Commentary: Traveling With Your Emotional Support [Fill in the Blank]

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Photo by Randy Stern

You have a what? And, you're taking that on the plane?!?

What prompted those questions was my last trip to Minneapolis-St. Paul International Airport. I was picking up my roommate from her flight from San Francisco. In the baggage claim area, I noticed a lot of parents and other loved ones waiting patiently for their passengers to come home for the holidays. It must have been the last day of finals at any given institute of higher education or the last work day before the holiday break.

While I witnessed scenes of families reuniting with each other, I noticed a lot of dogs roaming baggage claim. Neither of them belonged to the Transportation Security Agency.

Correct me if I'm wrong, but didn't a few of the "legacy carriers" – major airlines in the USA – announced that they would ban "emotional support animals" on their flights? At least, Delta Air Lines announced they would not let such animals to fly inside the cabin on long haul flights.

We have heard some bizarre stories about emotional support animals flying with passengers who claim they need them. Would you feel comfortable if someone brought on board a parrot as their emotional support animal for their flight to Florida? How about an emotional support snake or lizard for a trek to Texas?

Or, you can head over to your nearest Popeye's chicken joint and get an "Emotional Support Chicken." Granted, if you attempt to board the flight with it full of spicy and juicy Louisiana goodness, it will be confiscated by the TSA. Popeye's suggest you bring it on board empty. But, what if you're hungry?

If you think I am about to go on a rant against having any animals fly inside the cabin of any airliner, train, or intercity bus…I understand why people do it.

The topic of emotional/behavioral/mental health has been burbling to the top in 2018. While there is a need to improve the system and make it more accessible to those who need it, the negative stigma of this topic has permeated in every section of our society – including parts of the automotive realm.

We vilify this issue for many reasons. On one hand, we do not understand why someone would want an "emotional support" anything to keep them going. On the other hand. If there are policies, rules, and laws that regulate the use and transport of animals. One could argue either way, but which side would you choose here?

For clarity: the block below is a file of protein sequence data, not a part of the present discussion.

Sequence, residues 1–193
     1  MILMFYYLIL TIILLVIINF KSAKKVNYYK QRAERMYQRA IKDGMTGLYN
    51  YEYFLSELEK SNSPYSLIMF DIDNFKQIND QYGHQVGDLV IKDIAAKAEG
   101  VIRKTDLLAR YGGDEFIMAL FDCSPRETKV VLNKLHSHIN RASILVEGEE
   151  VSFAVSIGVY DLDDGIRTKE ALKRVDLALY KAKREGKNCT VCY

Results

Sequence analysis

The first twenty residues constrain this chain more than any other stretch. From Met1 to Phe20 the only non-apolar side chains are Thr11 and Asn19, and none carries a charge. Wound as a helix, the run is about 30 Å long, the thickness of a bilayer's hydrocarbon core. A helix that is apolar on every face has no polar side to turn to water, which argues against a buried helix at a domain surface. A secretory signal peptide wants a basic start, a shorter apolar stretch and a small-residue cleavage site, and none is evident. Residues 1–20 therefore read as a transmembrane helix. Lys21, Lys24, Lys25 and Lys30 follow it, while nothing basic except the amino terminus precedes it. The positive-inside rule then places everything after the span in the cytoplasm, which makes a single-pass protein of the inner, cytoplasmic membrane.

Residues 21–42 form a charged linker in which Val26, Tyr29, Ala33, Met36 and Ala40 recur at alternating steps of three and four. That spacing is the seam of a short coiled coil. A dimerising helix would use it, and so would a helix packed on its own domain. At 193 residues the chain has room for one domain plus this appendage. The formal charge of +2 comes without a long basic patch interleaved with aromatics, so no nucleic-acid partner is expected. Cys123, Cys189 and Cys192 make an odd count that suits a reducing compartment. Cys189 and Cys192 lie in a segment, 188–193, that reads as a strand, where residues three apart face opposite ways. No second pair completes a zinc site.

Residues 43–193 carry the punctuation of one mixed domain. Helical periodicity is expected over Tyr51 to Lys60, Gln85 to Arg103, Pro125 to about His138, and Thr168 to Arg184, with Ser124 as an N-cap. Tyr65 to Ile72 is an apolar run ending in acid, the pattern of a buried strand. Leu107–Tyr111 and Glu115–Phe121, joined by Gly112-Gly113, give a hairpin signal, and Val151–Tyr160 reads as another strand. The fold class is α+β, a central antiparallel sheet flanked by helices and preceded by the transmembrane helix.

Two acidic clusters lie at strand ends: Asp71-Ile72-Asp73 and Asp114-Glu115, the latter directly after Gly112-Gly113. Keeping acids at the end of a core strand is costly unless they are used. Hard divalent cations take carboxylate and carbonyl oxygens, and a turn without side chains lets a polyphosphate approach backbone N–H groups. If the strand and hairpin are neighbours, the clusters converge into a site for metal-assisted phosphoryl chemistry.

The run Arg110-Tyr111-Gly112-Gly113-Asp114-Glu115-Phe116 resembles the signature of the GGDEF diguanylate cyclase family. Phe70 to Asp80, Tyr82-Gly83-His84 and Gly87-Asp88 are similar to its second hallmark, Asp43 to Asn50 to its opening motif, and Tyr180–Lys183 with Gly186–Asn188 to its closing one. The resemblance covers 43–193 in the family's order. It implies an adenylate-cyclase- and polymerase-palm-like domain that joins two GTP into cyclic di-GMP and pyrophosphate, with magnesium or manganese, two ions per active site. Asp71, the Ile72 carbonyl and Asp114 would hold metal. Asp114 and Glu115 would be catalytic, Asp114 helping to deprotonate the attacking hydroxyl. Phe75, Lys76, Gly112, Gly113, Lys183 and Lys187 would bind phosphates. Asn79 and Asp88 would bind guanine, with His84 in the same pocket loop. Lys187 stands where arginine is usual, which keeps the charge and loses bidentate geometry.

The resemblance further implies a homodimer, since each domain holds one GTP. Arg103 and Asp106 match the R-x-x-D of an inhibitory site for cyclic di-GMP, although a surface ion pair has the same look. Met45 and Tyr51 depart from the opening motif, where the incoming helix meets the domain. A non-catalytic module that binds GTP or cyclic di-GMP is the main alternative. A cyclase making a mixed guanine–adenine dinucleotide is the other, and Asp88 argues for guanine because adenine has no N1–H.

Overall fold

The reality of this vilification is played out by the coverage of "emotional support animals" in travel situations. There is a solution to all of this. Since this is a website with a primary focus on the automobile, I found that you can have anything that provides emotional support in the comfort of your vehicle.

It may not be the solution that fits everyone. Let me give you an example from my own experience.

Just like pets, musical instruments are also seen as "emotional support" for people. Remember the man who made a viral video about how his guitar arrived broken from a flight on a legacy carrier? You see how many musicians – from classical to rock to amateurs – are worried about when their precious instruments are transported through the air, train, or bus.

Therefore, traveling with "Boomer" can be a handful. He's not the lightest musical instrument in the world. He requires careful handling in due part to his weight, shape, and material composition. You do not want to have something soft and light next to him in a luggage hold. Nor, do you want to put Boomer in harm's way for a drop of the drum could mean damage to the wood staves.

Boomer has already been dropped once – at the store where I bought him from. I got Boomer due to a markdown because they split one of his staves upon the impact of being dropped. I did a fix to stabilize the damaged stave. Still, I am overly cautious when handling him.

That is why I prefer to take Boomer in a vehicle rather than any other form of transport. The only thing I do is make sure he doesn't dig in his tuning lugs onto the upholstery. I also use Boomer in his bag as a test of cargo space utilization and loading – putting the drum to work, so to speak. In a sense, I am actually testing Boomer as I would a pet.  

And, besides, Boomer is my emotional support musical instrument. There is a justification for this. You heard of music therapy, right? You heard that drumming or playing a musical instrument does help with someone's emotional/behavioral/mental health.

Maybe it is harsh to say that it is better to travel with your emotional support animal by car than any other form of transport. Perhaps it is safer?

But, if you must take your emotional support animal on the plane, train, or intercity bus, find out from the carrier some further information on restrictions on animals and what they recommend for transport of said animal on the conveyance you have chosen to travel on.

No matter if you bring your emotional support…anything…when you travel this coming week, please be safe, secure, and not show up on YouTube on some viral video showing you making a fool of yourself. You really do not want to become a meme…

Happy Holidays, V&R readers!

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